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How mammoths competed with other animals and lost

Human hunters helped wipe out mammoths, mastodons and gomphotheres

MAMMOTH WORLD A Columbian mammoth (Mammuthus columbi), an American mastodon (Mammut americanum) and a gomphothere (Cuvieronius) were among the prehistoric elephant relatives that roamed North America and Eurasia until the end of the last ice age.


The Gray Fossil Site, a sinkhole in northeastern Tennessee, is full of prehistoric treasures. Between 7 million and 4.5 million years ago, rhinoceroses, saber-toothed cats and other creatures, even red pandas, perished here by the edge of a pond. But that bounty of fossils pales next to the site's biggest find: a mastodon's skeleton, nearly 5 million years old, preserved in exquisite detail all the way down to its ankle bones. "It is just fantastic," says Chris Widga, a paleontologist at East Tennessee State University in nearby Johnson City. The ancient elephant relative became known as Ernie because it was enormous, calculated soon after its 2015 discovery to have weighed 16 tons in life. The name came from musician Tennessee Ernie Ford, known for the coal-mining song "Sixteen Tons." Since then the researchers have revised the mastodon's weight down to 10.5 tons, says Widga, but the name stuck.

Ernie is still the biggest mastodon ever found in North America. He would have dwarfed today's large African elephants, which average up to six tons. Excavators are working to dig up the rest of Ernie's bones before this winter, with an eye to reassemble the ancient beast, the researchers reported in October in Albuquerque at a meeting of the Society of Vertebrate Paleontology. Ernie is a jaw-dropping example of the ancient elephants that once roamed Earth. Scientists have found the remains of mastodons and their relatives, the mammoths, throughout the Northern Hemisphere - from huge tusks buried in the Alaskan permafrost to mummified baby mammoths in Siberia (SN Online: 7/14/14). Now, researchers are knitting together these scattered discoveries into a more coherent picture of the lives and deaths of mammoths and mastodons. Scientists are exploring what plants these megaherbivores ate as they rambled across the landscape, and how they competed with other animals - including humans - as climate changed and the last ice age ended some 11,700 years ago. Clues to these mysteries lie in ancient teeth and bones. Tiny scratches on the teeth of mastodons from North America suggest that they ate a surprisingly varied diet of grasses, twigs and other plants, depending on their environment. A recent analysis of the chemistry of European mammoth bones reveals that those animals probably struggled with dwindling food sources as the climate warmed, which probably hastened the animals' demise.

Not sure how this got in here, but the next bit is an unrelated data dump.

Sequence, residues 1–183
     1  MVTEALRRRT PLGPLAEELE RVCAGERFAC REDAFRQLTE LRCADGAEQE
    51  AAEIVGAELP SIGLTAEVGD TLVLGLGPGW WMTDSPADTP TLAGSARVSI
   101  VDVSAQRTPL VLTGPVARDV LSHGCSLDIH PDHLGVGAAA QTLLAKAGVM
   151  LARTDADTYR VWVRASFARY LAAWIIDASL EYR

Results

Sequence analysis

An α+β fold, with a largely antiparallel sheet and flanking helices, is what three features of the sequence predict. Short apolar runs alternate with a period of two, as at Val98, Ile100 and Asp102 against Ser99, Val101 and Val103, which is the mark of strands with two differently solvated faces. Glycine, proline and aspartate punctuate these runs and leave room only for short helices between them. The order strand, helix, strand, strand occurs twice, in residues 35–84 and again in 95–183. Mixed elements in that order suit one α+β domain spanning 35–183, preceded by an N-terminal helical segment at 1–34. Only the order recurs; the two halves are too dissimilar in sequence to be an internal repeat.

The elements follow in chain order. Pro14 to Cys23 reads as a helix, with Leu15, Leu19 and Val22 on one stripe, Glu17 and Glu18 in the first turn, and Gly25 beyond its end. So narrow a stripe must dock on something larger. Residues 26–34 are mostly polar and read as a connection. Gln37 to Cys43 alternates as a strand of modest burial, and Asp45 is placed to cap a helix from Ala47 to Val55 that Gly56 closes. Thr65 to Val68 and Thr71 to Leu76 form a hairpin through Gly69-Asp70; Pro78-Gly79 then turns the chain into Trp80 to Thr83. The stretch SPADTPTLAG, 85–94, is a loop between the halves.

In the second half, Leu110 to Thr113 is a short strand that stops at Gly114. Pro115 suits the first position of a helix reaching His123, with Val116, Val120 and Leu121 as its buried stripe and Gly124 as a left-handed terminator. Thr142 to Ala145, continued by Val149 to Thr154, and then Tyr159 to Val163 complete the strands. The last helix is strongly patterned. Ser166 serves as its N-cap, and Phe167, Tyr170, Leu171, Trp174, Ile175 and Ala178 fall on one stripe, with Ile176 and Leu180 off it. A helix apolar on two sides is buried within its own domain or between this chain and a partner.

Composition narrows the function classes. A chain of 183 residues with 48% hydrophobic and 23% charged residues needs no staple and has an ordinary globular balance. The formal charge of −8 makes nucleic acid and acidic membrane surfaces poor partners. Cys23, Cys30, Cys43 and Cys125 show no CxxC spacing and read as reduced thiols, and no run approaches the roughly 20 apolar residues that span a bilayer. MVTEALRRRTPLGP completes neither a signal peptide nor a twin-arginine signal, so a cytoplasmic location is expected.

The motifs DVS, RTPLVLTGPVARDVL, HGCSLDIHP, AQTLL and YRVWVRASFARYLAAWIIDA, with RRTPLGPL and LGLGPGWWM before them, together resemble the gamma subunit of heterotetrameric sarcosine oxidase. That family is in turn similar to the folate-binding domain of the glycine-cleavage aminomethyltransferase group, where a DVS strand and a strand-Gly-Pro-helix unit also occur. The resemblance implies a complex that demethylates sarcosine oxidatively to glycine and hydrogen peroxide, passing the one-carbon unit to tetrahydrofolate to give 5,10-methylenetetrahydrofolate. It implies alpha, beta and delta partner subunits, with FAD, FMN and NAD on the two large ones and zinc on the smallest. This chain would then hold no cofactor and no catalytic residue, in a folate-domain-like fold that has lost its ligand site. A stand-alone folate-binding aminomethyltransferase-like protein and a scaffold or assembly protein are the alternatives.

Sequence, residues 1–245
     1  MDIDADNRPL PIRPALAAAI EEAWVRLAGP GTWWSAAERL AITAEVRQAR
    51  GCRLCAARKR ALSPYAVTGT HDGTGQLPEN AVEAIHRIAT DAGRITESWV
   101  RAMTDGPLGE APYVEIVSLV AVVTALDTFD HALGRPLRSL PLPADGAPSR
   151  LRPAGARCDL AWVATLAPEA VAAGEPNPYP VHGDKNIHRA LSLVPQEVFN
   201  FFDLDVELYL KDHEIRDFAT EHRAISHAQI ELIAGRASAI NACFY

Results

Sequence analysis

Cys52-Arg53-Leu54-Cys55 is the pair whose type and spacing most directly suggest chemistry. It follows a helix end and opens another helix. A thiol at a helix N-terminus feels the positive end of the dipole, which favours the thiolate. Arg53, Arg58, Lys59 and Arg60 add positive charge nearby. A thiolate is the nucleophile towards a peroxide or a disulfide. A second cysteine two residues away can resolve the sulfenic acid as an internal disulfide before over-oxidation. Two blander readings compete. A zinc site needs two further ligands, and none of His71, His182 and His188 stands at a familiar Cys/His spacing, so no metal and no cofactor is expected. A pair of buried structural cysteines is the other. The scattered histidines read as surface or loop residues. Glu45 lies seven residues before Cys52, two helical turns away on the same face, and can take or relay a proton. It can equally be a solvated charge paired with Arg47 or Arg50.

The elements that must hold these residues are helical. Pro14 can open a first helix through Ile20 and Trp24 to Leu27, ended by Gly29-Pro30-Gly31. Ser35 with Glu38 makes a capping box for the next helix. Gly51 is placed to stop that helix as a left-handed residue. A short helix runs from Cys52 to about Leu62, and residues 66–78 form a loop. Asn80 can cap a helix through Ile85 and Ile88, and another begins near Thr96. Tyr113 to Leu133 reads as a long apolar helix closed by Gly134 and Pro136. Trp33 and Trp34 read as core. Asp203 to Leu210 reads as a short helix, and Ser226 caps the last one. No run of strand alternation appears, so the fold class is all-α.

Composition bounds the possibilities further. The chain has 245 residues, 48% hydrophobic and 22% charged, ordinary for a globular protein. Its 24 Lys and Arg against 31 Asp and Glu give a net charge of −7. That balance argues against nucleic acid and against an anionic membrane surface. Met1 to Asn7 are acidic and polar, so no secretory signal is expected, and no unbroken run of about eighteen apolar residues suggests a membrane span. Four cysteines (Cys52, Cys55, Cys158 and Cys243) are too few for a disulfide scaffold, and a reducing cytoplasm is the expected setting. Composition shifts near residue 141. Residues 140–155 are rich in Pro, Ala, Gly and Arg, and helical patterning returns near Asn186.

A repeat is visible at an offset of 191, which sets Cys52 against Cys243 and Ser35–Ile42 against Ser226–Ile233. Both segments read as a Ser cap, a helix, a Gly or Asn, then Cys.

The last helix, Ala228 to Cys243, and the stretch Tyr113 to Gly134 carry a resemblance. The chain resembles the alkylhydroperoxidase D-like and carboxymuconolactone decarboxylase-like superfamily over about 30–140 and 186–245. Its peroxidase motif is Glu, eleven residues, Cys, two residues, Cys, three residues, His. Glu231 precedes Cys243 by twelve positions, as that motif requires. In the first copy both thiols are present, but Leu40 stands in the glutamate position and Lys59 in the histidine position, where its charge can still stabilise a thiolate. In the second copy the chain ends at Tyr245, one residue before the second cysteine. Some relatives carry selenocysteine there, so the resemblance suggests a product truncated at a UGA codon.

Excavating some of the last known sites where mammoths and humans coexisted points to how early Americans gathered around a kill, making the most of the giant carcass to feed themselves. Scientists hope to better understand the extinct elephants' role in ancient ecosystems. "How did these big herbivores respond to climatic shifts, both before and after humans arrived?" asks Hendrik Poinar, a geneticist and anthropologist at McMaster University in Hamilton, Canada. "How resilient were these populations — or not?" The answers may even help biologists eke out lessons about how modern elephants might cope as habitats shrink and hunting pressures rise.

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